This article studies the role of the blind movement in the legislative achievements regarding the disabled people, and in the formation of blind identities and broader perceptions of disability in post-dictatorial Greece. By highlighting the institutional impact of the 1976 occupation of the Home of the Blind, this paper shows how a grassroots movement contributed to democratization, and it challenges the dichotomy between institutional and societal accounts of democratic transitions, thus touching upon themes, such as citizenship and empowerment. In doing so, this article seeks to explain the paradigm shift from charity to welfare with respect to disability as part of the broader dynamics of social transformation in Greece in the 1970s and early 1980s.


In recent years, disability history has become a booming subfield within disability studies. Kudlick (2003) has argued for the use of disability as a unit of historical analysis that is fundamental to both cultural life and material living. More recently, Anne Borsay (2012) has shown how disability history has integrated economic, social and political causation with cultural construction. Disability, however, has not been systematically used as a primary category of analysis to interpret the complex interplay between the institutional and societal level in a historical perspective. This article, by taking a disability history approach and drawing upon the sociology of movements and concepts, such as the Political Opportunity Structure and Alan Badiou's Event, makes use of the insights of disability studies to explain the lived experiences of disability within their cultural and political context. To that end, the article discusses how institutions, as well as individual and collective identities, change in response to major social and political events.

By investigating the impact on disability legislation and identities in Greece of the post-dictatorial blind movement, and by tracing broader cultural changes related to this movement, this paper challenges the dichotomy between institutional and societal accounts of democratic transitions, and touches upon themes such as citizenship and empowerment. 1 In doing so, it seeks to explain the paradigm shift from charity to welfare 2 with respect to disability as part of the broader dynamics of socio-political, ideological, and economic transition in Greece in the 1970s and early 1980s. Our case study focuses on the Home of the Blind, a charitable institution with the stated purpose to 'protect the blind'. In 1979, the Greek state took over and, subsequently, turned it into a Public Law Entity under government control, 3 aiming to achieve 'independence and social inclusion' for the blind. This change was largely the result of a grassroots blind movement, culminating in the six-month occupation of the Home of the Blind by the Panhellenic Association of the Blind (hereafter Panhellenic) from May to October 1976. Our main argument is that this occupation was an Event, in Alain Badiou's sense, which subsequently led to the emergence of a new, dynamic societal actor. This Event, we contend, transformed the self-image of blind people and, therefore, their identities, signalling a shift from begging as a legitimate practice to collective action as the main form of expression for the blind in post-dictatorial Greece.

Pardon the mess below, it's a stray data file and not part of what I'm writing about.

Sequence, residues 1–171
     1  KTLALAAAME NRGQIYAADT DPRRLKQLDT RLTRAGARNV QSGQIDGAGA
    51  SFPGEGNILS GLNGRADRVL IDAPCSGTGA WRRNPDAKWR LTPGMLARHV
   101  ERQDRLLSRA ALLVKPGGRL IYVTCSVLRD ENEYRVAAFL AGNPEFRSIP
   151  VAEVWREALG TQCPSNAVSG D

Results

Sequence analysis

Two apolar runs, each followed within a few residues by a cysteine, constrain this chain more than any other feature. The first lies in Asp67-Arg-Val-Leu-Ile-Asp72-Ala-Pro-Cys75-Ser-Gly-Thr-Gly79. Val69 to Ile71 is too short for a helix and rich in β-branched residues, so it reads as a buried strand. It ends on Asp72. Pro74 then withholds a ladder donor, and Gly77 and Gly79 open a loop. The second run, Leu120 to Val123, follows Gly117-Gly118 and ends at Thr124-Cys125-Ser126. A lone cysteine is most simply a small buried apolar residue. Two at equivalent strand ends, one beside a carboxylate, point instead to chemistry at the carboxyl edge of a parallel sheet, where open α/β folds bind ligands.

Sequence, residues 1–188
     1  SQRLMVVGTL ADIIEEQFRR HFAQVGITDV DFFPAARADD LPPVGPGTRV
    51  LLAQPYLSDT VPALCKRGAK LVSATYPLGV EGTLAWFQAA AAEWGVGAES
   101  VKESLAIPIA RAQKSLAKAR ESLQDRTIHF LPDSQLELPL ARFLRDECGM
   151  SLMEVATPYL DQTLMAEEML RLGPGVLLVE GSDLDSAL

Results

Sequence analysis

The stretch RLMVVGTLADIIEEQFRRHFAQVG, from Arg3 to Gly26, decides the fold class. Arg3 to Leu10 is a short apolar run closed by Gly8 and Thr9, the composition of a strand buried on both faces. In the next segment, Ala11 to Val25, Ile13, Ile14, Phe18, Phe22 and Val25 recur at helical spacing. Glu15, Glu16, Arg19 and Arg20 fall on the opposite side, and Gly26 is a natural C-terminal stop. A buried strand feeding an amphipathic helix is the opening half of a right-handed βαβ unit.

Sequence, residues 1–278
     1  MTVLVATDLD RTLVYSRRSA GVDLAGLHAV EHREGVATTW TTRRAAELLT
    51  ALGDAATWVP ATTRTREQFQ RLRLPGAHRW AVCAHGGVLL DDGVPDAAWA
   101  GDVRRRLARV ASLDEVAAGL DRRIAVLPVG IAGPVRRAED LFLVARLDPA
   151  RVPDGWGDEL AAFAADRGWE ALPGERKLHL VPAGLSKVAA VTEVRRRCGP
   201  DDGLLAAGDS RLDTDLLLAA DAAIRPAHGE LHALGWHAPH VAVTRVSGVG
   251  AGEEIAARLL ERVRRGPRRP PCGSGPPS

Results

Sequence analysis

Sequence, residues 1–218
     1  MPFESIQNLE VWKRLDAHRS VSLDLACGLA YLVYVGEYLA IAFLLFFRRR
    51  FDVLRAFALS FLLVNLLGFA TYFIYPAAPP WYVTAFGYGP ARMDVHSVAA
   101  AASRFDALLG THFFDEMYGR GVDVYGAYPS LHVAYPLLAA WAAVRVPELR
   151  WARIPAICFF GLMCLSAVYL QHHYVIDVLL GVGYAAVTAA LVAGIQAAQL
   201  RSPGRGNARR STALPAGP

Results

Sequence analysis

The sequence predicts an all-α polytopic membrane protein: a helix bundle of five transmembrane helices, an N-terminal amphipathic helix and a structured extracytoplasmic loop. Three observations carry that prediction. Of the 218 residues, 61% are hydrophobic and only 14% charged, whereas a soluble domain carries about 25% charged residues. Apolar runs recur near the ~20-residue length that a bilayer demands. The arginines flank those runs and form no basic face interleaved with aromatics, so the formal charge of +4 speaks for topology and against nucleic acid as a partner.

Two empirical observations have served as a fruitful starting point for the conceptualization and contextualization of this research. First, its timing and context. The 1970s witnessed the global rise of human rights (Jensen, 2016; Simpson, 2013); the rise of disability rights movements from across the globe cannot be considered a mere coincidence. At the same time, there is a strong regional aspect in this story, as disability movements emerged almost simultaneously in Greece, Portugal and Spain; all three experiencing their transition from dictatorship to democracy in the mid-1970s. Second, the blind empowerment in Greece had a transformative effect upon the disability movement in the long run. At home, this transformation led to the creation of a pan-disability approach and it was reflected on the formation of the National Confederation of Disabled People (NCDP), the third level socio-confederate agency of the country's disability movement, in the late 1980s–early 1990s. The blind played and continue to play a central role in the NCDP from the very beginning. Besides initiating its formation and taking over key posts, including that of the NCDP president from its establishment to date, the blind provided the NCDP with socially aware and alert functionaries, who later came to act as policymakers in relation to disability in successive governments of the socialist party (PASOK). Furthermore, on the international level, the trajectories of leading figures of the Greek blind movement indicate that this episode had a wider impact. Most notably, after assuming key roles within the Greek disability movement, Ioannis Vardakastanis – a student of the Home of the Blind, whose expulsion (along with that of others) triggered the occupation – , came to be the longstanding president of the European Disability Forum (EDF), an officially recognized, non-governmental organization, representing disabled people at the EU level (through the Economic and Social Committee).